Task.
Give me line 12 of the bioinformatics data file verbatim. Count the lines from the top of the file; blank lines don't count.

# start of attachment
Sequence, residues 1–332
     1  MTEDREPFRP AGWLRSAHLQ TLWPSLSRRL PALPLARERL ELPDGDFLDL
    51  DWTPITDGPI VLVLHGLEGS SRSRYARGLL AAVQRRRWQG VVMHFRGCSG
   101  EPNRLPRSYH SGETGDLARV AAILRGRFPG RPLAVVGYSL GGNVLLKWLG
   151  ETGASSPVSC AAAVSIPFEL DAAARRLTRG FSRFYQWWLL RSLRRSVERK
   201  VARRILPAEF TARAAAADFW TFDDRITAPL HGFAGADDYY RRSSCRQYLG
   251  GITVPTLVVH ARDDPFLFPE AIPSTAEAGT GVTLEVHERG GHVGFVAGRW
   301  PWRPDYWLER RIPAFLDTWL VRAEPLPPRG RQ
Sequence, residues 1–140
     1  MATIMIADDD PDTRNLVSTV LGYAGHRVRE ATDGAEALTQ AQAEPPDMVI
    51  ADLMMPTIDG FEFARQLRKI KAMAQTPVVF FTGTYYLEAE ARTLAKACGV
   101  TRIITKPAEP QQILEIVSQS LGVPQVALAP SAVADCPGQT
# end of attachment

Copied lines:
   101  TRIITKPAEP QQILEIVSQS LGVPQVALAP SAVADCPGQT